Wednesday, September 14, 2016

History Blurbs

If you are new to reading this blog, you should know that I am a HUGE believer in teacher professional development.  And by that, I mean I think teachers should seek out professional development that works for them.  One of the most powerful things for a teacher is to connect with other teachers who teach the same subject, scope and sequence, and topics.  Just having a conversation with other educators can have you walking away smarter and with ideas that are good for your students.

Today was another one of those days for me.

I have been part of a Social Studies Study Group made up of 20-40 other social studies teachers (many middle school, but we are growing and adding more high school teachers each year).  We get together four times each school year.  I always walk away smarter, with ideas I can implement tomorrow.

Today I was made smarter thanks to a conversation middle school teacher, Mike Sabala.  We were talking at our tables about different things we do in our class and he mentioned that he has his students complete "blurbs."

Now that sounds interesting...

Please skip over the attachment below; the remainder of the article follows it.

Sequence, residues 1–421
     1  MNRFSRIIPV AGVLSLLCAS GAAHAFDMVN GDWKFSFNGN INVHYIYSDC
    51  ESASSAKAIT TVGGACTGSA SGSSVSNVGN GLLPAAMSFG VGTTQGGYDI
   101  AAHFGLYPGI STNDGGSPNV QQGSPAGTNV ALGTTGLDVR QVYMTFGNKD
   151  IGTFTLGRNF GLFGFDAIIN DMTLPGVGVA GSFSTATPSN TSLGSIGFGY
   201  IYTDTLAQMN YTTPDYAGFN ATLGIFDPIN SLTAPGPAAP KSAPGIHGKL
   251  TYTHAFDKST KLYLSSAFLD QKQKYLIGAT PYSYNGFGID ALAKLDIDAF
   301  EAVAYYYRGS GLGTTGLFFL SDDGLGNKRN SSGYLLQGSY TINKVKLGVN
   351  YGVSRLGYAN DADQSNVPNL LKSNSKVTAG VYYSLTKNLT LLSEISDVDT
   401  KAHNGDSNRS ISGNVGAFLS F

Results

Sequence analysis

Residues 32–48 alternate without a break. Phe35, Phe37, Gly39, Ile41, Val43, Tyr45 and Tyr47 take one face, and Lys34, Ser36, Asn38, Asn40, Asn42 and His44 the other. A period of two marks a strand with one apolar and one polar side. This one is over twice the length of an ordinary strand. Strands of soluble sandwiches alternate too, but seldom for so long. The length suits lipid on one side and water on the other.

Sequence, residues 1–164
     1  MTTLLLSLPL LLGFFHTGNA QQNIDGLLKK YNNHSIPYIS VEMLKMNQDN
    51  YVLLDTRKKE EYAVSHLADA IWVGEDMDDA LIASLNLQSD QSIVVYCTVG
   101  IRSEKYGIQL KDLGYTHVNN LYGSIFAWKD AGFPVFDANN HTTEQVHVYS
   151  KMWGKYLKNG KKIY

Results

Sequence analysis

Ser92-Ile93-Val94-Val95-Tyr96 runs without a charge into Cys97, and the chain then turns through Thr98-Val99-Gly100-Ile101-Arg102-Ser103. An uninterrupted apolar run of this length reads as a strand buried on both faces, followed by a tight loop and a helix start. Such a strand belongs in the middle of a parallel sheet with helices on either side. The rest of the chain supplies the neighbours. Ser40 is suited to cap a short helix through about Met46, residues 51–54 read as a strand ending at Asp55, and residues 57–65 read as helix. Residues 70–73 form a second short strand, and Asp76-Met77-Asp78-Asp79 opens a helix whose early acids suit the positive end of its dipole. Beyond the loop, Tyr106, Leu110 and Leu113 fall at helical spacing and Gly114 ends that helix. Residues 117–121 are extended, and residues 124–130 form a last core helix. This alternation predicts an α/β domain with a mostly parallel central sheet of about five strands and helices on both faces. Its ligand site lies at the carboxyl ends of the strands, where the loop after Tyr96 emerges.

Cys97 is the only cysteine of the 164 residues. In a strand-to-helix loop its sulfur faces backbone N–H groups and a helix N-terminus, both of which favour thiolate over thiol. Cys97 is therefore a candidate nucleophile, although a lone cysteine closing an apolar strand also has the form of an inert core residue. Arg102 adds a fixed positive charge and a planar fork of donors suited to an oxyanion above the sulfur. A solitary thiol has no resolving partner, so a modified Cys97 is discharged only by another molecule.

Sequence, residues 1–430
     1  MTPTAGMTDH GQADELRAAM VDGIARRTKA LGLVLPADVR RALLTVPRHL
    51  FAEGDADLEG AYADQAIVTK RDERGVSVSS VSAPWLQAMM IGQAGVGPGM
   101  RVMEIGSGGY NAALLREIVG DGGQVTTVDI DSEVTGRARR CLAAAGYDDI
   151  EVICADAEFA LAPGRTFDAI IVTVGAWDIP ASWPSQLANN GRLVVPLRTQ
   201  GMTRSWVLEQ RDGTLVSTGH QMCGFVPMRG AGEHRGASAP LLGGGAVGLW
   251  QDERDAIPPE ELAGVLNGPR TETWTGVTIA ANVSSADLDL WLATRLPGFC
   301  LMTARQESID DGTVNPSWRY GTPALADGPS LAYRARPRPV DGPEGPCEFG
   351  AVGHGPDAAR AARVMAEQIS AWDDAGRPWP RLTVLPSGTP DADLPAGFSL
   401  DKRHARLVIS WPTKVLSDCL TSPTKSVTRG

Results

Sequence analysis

It is.

Mike has his students fill out "History Blurbs" on the important people and topics in his class.  A blurb is...

  1. The name of the event/person/topic
  2. A definition/description 
  3. A simple illustration
  4. Three facts about it
  5. See Also:  Connect the topic to at least two other people, places, or things that are connected to this event in some way and NOT already mentioned in the above description or facts.  I LOVE THIS ONE!
Awesome!

So I did what I do best... I took his idea, added my own little twist, and came up with this...

I love that this requires students to think just a little deeper about something we learned in class and asks them to make connections to other events.  A simple way for students to keep a record of the information they learn as well as rank how well they feel they understand it.  This might just become a regular thing in my class.

Bonus!  This technique would be very easy to adapt for all content areas and age groups.  Thanks Mike for making me smarter today!

1 comment:

  1. Jill, I like this idea too! Thanks for sharing. Wished I lived closer and I would love to join your group and share ideas. I teach High School History in IL. I agree this could be used across different subjects.

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